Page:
The Wild and Scenic Film Festival: A Reading Guide

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A question for you today, ladies and gents.  Where might you find the nation’s largest environmental film festival?  Would that be in New York?  In Los Angeles?  In Chicago proper?  NO!  As it just so happens, the largest environmental film festival happens right here in our very own Evanston, IL.  Called The Wild and Scenic Film Festival the event is now in its 14th year and showcases, “18 of the world’s most inspiring environmental films at the Evanston Ecology Center as part of the Evanston Environmental Association’s (EEA) Wild & Scenic Film Festival.”  According to the organizers themselves, “The 2016 festival will showcase films over two evenings, Friday, February 5 and Friday, February 19, from 7 p.m. to 9 p.m., at the Evanston Ecology Center, located at 2024 McCormick Blvd.”

And it got me to thinking.  What every good film festival needs, DESERVES even, is an accompanying booklist for the interested attendees.  With that in mind, here is a listing of some of the books that work well in tandem with the featured films.

indexThe film Filtering the Ocean is described as a movie that, “highlights the problem of toxic microplastics and their effects on marine wildlife and human health.” So for those of you curious about the great Pacific garbage patch you might want to read Charles Moore’s Plastic Ocean: How a Sea Captain’s Chance Discovery Launched a Determined Quest to Save the Oceans. Or, for more fun, Moby-Duck: The true story of 28,800 bath toys lost at sea and of the beachcombers, oceanographers, environmentalists, and fools, including the author, who went in search of them.  Which, you have to admit, is a great title.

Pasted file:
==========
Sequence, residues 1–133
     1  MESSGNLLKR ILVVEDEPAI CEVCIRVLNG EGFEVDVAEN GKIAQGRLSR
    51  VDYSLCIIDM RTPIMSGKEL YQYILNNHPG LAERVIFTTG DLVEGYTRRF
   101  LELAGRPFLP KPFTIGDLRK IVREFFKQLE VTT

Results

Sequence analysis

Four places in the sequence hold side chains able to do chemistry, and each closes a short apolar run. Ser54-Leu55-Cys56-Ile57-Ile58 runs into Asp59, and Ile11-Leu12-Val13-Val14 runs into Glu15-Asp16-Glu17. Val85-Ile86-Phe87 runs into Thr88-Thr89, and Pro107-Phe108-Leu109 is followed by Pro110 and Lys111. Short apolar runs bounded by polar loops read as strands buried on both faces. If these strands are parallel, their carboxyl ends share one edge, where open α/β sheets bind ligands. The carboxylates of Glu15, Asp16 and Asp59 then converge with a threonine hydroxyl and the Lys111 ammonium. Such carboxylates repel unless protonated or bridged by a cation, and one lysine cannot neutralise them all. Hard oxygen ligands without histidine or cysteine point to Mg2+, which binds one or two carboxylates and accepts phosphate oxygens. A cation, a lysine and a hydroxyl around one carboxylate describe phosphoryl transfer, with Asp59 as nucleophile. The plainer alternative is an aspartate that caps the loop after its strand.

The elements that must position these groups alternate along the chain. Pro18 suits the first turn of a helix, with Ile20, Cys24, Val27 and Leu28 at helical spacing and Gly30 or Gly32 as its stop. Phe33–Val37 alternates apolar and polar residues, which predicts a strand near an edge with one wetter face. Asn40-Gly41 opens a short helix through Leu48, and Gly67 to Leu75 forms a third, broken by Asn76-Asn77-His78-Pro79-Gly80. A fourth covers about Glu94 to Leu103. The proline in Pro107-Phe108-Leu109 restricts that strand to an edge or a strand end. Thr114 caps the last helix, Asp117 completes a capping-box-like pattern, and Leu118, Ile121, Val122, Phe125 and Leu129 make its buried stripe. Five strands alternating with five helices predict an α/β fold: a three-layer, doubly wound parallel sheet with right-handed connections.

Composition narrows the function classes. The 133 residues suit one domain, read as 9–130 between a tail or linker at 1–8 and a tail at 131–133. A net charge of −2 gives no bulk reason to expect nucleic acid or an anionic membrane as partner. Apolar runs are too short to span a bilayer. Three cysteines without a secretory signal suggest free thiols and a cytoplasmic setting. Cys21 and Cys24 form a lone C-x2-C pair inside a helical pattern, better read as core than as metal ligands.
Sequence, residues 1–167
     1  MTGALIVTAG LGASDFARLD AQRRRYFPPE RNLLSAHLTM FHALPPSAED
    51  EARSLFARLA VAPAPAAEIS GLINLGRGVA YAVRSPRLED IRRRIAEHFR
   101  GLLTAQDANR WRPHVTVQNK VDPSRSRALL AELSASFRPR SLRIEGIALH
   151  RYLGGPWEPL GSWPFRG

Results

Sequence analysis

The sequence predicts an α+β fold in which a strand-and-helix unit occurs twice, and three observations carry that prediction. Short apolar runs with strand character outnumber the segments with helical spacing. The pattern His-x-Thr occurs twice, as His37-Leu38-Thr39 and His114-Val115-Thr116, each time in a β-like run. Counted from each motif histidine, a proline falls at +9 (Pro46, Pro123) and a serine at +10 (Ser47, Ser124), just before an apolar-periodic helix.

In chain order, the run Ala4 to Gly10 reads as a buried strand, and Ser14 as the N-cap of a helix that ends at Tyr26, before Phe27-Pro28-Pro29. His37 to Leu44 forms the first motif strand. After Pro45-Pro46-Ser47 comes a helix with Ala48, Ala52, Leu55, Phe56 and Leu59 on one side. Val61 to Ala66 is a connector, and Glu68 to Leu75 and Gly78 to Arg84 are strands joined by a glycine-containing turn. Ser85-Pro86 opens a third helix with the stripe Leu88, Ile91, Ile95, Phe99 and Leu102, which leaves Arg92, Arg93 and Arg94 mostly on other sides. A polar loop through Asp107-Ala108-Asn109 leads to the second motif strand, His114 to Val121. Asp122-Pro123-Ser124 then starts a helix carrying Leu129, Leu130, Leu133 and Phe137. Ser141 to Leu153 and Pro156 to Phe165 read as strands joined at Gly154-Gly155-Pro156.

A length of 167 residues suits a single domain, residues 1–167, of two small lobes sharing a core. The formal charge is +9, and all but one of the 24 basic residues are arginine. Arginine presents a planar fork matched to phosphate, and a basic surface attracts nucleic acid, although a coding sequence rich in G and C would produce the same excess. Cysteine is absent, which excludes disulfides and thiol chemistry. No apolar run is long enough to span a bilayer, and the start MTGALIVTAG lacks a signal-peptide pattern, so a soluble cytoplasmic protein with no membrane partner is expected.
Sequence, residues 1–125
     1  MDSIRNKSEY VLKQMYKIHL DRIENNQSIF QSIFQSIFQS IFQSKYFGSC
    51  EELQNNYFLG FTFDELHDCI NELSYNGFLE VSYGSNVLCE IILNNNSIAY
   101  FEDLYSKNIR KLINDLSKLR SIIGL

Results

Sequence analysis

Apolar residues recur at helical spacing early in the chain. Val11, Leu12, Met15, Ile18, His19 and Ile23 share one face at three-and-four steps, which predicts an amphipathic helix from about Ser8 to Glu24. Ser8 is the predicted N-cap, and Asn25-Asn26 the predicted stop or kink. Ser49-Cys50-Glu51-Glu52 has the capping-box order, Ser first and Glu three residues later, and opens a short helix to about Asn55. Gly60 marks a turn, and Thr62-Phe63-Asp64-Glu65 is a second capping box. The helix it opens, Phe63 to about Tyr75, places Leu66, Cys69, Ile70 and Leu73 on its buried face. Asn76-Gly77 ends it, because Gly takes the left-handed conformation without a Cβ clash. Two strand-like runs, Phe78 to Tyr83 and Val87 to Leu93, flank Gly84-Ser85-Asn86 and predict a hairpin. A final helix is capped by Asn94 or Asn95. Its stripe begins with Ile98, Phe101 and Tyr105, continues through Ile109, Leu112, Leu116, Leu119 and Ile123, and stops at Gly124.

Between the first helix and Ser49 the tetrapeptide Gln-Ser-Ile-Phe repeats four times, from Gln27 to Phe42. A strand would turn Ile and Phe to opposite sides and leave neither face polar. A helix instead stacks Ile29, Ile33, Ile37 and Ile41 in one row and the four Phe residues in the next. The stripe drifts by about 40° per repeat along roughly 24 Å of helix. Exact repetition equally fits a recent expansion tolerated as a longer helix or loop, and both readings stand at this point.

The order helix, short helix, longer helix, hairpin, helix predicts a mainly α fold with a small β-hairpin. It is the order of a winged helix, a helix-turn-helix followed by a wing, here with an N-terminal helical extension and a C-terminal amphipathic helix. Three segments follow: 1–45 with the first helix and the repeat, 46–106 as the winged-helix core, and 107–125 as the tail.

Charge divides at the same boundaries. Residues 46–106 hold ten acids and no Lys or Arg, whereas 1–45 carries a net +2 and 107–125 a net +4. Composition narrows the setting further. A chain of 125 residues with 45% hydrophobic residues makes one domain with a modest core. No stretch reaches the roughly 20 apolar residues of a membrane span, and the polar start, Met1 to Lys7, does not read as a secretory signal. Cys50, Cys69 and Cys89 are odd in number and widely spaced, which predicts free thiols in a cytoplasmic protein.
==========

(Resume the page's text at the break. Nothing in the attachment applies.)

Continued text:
In the film Mother of All Rivers activist Berta Cáceres “rallied her indigenous Lenca people to wage a grassroots protest that successfully pressured the government of Honduras and the world’s largest Chinese dam builder, SinoHydro, to withdraw from building the Agua Zarca Dam.”  Curious about China’s environmental history and current policies?  Check out When a Billion Chinese Jump: How China Will Save Mankind – Or Destroy It by Asia environmental correspondent for the Guardian, Jonathan Watts.  Also of interest might be By All Means Necessary: How China’s Resource Quest Is Changing the World by Elizabeth Economy and Michael Levi.

indexIt’s possible that after watching An Education: A Father/Daughter Trip of Discovery you will acquire a craving for all things Antarctican.  No worries.  EPL can feed that need.  Try the documentary Antarctica: A Year On Ice about the scientists, technicians and craftsmen who live on the bottom of the world year-round.  Antarctica: A Biography by David Day chronicles the land the people who have attempted to conquer it.  And Gabrielle Walker’s Antarctica: An Intimate Portrait of a Mysterious Continent contains all the wonder and majesty you would hope to expect.  Then top it all of with the honestly gorgeous book Penguins: The Ultimate Guide by Tui De Roy.

Is Lake Superior one of the world’s ten most unusual lakes?  The film Rabbit Island makes a case for it, and so does Lakes by Jeanne K. Hanson.

Got kids?  No reason to leave them out.  Here are some children’s titles as well.

To accompany the film Filtering a Plastic Ocean, check out Plastic, Ahoy! Investigating the Great Pacific Garbage Patch by Patricia Newman.  It’s a good companion to Loree Griffin Burns’s Tracking Trash: Flotsam, Jetsam, and the Science of Ocean Motion.

indexAnd just as the film Fable of the Wolf considers the historic relationship between humans and wolves, the brand new children’s book From Wolf to Woof by Hudson Talbott considers the origins of domestication.

For the complete listing of the films in this year’s festival, be sure to check them out here.

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